South Dakota House nears AG impeachment decision

A South Dakota House committee is set to conclude its work this week. It will investigate whether the attorney general of the state should be impeached over his conduct in relation to a fatal 2020 car accident. This follows a lengthy investigation that split the Republicans.

South Dakota House nears AG impeachment decision

Late Monday, the House Select Committee on Investigation will issue its final report. This report will contain parts of the crash investigation not redacted by the committee. The House Select Committee on Investigation will also debate whether to recommend Attorney-General Jason Ravnsborg's impeachment.

The report and any recommendations will evaluate the conduct of the top state law enforcement officer. This will set the tone for House legislators as they prepare to vote on the impeachment.

An overview of the impeachment investigation


Ravnsborg killed a pedestrian near a rural highway in September 2020. The nighttime collision was initially described by Ravnsborg as an accident with an animal. However, he later claimed that he didn't realize that he had killed Joseph Boever, 55 years old, until he returned to this scene the next morning and found his body.

The impeachment committee was told by criminal investigators that Ravnsborg was inconsistent in his recounting of the crash. They also said that they didn't trust his account and that he might have known that he had hit a man. Prosecutors denied that they could prove this.

Ravnsborg pleaded not guilty to two misdemeanors. One was for an illegal lane change, and the other for using a cellphone while driving. This happened about a minute prior to the crash.


Gov. Kristi Noem has worked hard to get her fellow Republican out of office. She said last year that she was "outraged” at the outcome of the charges, and suggested that Ravnsborg could be impeached.

She stated in January that "the public deserves the truth" and that this family, this poor family, deserves some justice.

In a letter to the committee, Secretary of Public Safety Craig Price , one of the governor's top officers, argued for impeachment. He said Ravnsborg was distracted at the time of the crash, that criminal investigators did not believe his account and that the attorney general had consulted with a digital expert in his office before turning over his phone to investigators.

Price also made new allegations. He cited "disparaging" and "offensive" text messages that Ravnsborg and his top aides exchanged about state officials. Price also claimed that Ravnsborg was pulled over eight times for traffic offenses in the 18-month period between his election and the fatal accident. Five of these were when he displayed a badge or identified himself as the attorney General.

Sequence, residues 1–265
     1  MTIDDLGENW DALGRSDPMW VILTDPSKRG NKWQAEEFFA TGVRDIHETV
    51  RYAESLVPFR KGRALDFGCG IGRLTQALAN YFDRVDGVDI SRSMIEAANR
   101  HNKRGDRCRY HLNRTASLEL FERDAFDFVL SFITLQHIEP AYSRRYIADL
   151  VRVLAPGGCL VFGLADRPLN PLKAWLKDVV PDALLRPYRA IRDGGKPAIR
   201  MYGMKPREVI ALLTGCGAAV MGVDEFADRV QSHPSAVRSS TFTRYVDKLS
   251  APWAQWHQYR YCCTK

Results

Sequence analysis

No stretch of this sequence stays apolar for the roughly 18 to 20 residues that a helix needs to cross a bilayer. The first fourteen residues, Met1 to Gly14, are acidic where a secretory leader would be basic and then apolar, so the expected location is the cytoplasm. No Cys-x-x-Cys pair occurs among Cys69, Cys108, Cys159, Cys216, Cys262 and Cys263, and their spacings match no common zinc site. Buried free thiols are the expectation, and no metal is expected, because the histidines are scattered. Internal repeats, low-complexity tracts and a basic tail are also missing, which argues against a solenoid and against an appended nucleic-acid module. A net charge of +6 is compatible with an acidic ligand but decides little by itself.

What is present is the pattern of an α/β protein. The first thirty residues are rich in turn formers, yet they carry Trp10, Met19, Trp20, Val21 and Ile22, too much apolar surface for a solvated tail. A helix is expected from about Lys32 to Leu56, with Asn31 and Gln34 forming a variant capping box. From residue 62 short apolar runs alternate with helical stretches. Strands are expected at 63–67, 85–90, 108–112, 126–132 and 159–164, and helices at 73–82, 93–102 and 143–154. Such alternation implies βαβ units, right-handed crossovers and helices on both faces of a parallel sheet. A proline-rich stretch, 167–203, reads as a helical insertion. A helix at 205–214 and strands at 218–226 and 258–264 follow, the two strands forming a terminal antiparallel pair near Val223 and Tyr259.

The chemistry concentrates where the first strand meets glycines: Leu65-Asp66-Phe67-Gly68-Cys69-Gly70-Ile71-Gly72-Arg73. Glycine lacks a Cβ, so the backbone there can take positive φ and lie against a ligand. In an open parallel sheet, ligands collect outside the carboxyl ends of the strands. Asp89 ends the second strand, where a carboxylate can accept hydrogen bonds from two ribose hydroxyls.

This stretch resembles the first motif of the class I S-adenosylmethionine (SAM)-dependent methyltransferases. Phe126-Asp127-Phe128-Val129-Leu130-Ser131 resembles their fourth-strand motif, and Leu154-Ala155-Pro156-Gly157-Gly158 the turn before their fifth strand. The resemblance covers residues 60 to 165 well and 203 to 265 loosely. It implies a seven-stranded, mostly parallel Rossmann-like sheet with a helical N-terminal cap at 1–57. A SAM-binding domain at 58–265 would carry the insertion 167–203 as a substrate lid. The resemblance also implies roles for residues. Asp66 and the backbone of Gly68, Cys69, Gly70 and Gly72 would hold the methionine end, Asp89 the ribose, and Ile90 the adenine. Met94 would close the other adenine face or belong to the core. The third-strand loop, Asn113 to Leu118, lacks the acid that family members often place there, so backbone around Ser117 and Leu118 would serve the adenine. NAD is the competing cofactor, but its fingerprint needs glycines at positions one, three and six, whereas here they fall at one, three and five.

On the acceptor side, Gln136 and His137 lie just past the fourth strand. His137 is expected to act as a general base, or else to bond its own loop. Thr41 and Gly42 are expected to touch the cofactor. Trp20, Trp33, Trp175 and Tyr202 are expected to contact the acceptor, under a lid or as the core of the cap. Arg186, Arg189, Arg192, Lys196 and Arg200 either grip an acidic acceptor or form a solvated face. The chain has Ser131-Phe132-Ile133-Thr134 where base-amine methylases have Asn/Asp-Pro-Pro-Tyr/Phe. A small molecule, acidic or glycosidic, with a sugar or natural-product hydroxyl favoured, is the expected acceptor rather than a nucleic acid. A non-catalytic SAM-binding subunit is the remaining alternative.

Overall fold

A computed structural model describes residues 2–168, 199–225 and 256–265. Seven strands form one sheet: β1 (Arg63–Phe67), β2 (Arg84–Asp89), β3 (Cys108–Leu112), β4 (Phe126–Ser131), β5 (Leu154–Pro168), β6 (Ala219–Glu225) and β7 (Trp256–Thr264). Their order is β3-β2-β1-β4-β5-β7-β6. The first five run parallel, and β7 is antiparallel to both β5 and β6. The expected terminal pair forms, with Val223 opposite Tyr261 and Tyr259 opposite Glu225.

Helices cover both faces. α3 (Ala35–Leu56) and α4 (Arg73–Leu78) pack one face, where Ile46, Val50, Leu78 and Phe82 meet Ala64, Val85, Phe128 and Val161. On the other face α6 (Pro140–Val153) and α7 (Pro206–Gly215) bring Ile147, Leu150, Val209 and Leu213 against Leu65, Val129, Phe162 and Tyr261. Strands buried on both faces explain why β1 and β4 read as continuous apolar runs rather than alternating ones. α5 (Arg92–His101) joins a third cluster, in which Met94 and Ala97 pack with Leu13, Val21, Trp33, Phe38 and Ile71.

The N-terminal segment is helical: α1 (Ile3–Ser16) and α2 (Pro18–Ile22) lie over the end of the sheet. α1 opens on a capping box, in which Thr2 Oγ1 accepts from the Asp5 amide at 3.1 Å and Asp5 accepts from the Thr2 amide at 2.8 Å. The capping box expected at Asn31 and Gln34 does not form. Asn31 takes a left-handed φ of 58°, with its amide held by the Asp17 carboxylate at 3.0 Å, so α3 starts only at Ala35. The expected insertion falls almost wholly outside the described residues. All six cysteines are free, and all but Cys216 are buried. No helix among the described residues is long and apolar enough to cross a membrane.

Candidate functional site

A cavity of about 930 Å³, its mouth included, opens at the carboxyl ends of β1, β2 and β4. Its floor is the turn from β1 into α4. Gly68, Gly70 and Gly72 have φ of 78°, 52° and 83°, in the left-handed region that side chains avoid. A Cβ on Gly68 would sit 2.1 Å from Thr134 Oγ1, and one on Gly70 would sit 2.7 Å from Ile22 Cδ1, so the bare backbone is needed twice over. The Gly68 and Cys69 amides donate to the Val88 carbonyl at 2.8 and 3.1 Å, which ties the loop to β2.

However, Noem's pressure campaign has upset lawmakers on the committee, who consider it intrusive.

Noem could name Ravnsborg's replacement if he was removed from office. Ravnsborg has since fallen out with Noem after the crash and has submitted two ethics complaints against Noem at the state's Government Accountability Board.

Lawmakers suggested that Noem improperly interfered with the investigation by publicly disclosing parts of it, including video of Ravnsborg being questioned by criminal investigators.

Spencer Gosch, House Speaker and Republican leader of the impeachment panel, stated that the final report would contain details about Noem's attempts to "influence the investigation".

The Dakota Institute for Legislative Solutions sponsored billboards accusing four Republicans of being in cover for Noem's attorney general. Although Noem denied any involvement in the incident, some lawmakers said that they believe her.


It's almost certain. It's unclear how much momentum will there be for impeachment. This requires a simple majority when the House convenes April 12.

The committee's recommendation of impeachment would be a boost to those who are pushing for Ravnsborg’s ouster.

Even if the committee does not recommend action, it is likely that there will be another push to impeach him. Republican Rep. Will Mortenson introduced articles of impeachment last spring. He said that his argument has been only supported by testimony from law enforcement officers involved in investigating the crash.


If Ravnsborg is impeached by the House, he would be removed at most temporarily.

A state constitution requires that an impeached official must take a leave of absence from their duties while the Senate impeachment trial takes place. Between the time the official is impeached, and the beginning of the trial, it takes at least 20 days. To convict the attorney general and remove him permanently from office, it would require a majority of two-thirds of senators.

Ravnsborg has a difficult political future. Marty Jackley, his GOP predecessor, announced that he would be seeking to succeed him.

Jackley is supported by Noem, the most powerful elected official in the state.


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